Associate Dean's Message
CBME: Risk and Reward
Efforts at transformative change succeed when perceived rewards outweigh perceived risks. My ongoing Competency Based Medical Education (CBME) conversations with faculty, residents, and staff have helped me to appreciate both what people are excited and confident about and what they are worried and skeptical about. Putting both the risks and the rewards of CBME on the table for scrutiny is essential; the risks, in particular, require mitigation strategies if we are to move forward together. Three risks deserve particular attention:
RISK: Faculty Burnout
Even if faculty buy in to the educational benefits of CBME, they may perceive that CBME demands of them a larger time commitment, particularly for resident assessment. Direct observation with feedback, for example, is fundamental to CBME; making it happen means creating opportunities that may not be part of the usual organization of clinical work.
Observation, though, needn’t be constant and needn’t always be lengthy. Targeted observation of focused activities can be done with limited disruption to clinical activities; our early adopter specialties are proving that, and our Family Medicine colleagues have shown that brief field notes can be incorporated into the way clinical work is done without sacrificing efficiency.
We need to consider what faculty can stop doing as well as what they need to start doing. Engaging faculty in brief, targeted, observation-based assessments may be more palatable if we can also relieve them of the need to complete lengthy evaluation forms at the end of each block.
CBME fits comfortably with tasks we can readily observe, like procedures. But what about those critical clinical tasks that are harder to observe, like clinical reasoning and judgment? Even more challenging are those fundamental but ineffable qualities of good doctors – humanity, compassion, empathy. If we aren’t careful, we risk limiting our CBME approaches to those tasks we can readily observe. We risk reducing the complex, holistic performance of good doctors to a series of check boxes that focus on the things we can easily see.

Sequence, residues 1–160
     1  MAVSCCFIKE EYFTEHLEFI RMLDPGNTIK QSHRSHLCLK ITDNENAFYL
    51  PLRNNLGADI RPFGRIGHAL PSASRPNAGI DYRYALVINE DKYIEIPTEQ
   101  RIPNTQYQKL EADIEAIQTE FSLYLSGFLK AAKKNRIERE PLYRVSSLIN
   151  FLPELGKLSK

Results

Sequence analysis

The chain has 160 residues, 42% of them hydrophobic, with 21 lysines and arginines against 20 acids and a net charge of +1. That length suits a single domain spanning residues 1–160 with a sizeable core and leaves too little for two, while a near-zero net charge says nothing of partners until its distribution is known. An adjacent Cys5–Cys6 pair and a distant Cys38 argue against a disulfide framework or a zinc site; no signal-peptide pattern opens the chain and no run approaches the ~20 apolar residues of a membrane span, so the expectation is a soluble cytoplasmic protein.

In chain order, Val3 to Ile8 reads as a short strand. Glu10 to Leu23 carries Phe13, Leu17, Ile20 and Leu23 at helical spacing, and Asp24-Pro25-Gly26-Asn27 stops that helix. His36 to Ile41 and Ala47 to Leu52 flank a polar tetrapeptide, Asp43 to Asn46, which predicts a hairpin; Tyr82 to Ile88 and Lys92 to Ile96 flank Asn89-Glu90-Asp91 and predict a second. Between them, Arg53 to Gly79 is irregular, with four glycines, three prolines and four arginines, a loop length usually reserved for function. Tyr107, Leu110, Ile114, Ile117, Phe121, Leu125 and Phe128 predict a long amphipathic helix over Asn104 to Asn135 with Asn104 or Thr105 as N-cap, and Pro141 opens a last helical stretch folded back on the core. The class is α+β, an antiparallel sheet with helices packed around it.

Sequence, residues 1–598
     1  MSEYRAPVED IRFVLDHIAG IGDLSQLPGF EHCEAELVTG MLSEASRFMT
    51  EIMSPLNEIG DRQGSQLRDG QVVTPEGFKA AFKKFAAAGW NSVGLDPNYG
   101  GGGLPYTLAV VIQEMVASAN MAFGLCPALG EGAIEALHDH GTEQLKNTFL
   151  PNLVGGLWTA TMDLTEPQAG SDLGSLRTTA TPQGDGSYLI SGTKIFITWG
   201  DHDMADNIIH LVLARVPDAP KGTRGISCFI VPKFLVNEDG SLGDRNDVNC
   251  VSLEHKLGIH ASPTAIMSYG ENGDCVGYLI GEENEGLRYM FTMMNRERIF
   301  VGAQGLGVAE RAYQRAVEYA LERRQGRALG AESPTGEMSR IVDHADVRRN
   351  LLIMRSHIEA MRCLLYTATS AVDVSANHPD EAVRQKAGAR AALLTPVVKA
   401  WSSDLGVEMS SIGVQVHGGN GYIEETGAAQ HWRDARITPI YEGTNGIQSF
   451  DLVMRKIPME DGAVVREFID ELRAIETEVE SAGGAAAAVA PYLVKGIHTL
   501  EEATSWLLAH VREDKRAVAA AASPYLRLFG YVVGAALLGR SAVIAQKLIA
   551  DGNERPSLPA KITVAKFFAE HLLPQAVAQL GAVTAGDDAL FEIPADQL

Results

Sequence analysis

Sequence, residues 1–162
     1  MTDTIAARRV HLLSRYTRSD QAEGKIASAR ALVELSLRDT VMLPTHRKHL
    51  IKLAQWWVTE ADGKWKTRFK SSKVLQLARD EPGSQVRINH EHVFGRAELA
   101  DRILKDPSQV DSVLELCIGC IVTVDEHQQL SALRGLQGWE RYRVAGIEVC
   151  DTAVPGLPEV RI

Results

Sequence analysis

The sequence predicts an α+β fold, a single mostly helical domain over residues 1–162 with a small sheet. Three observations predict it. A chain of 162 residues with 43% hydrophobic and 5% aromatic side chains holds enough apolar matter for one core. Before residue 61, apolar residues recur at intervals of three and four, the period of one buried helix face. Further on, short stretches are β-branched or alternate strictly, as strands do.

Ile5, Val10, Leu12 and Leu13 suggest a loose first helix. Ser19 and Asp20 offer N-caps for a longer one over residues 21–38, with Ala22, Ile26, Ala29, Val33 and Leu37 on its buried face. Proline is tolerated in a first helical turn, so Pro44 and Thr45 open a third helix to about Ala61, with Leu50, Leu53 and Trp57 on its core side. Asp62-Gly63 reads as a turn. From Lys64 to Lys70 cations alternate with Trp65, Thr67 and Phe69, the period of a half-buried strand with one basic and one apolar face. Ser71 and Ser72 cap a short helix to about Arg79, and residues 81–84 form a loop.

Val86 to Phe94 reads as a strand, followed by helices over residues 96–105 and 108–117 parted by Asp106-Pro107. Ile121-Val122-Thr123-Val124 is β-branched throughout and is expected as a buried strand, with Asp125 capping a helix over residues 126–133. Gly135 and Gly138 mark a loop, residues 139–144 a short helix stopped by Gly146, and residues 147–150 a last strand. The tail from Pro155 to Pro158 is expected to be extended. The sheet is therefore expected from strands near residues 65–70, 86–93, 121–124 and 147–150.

Specialty committees are a first line of defense against this kind of reductionism. When they meet to hammer out what it means to be a specialist in a particular discipline in the 21st century, they need to embrace the spirit of CanMEDS, whose greatest contribution to medical education may be serving as a reminder that medical expertise draws on multiple roles. Locally, we need to continue to emphasize professionalism, communication, collaboration, advocacy, scholarship, and leadership in the way we design our curricula and our assessment strategies, and in the learning culture we establish for our learners.
RISK: Lost Opportunities
CBME implementation efforts rightly concentrate on curriculum planning, coaching for learning, and assessment of learner performance. We must get each of these elements right. But CBME is more than an implementation challenge; it is also an opportunity to learn about the impact of educational change on learning and health care outcomes. The logistics of implementing CBME in the moment risk consuming all our educational oxygen. But without a concurrent plan to critically evaluate what we are implementing, we’ll lose our opportunity to advance the science of medical education.
A common question I’m asked by faculty and residents when I talk about CBME is “what’s the evidence?” For the most part, the answer is that there isn’t any evidence, although the educational theory underpinning CBME is sound. We have an obligation, therefore, to build the evidence base – to understand what works and what doesn’t, to fine-tune and adjust strategies that are underperforming, and to ask crucial questions about the differences our educational approaches are making to the health of our populations.
CBME’s risks shouldn’t stop us. If we approach them with eyes wide open, we’ll ensure a stronger future for our residency programs, and better health care for our communities.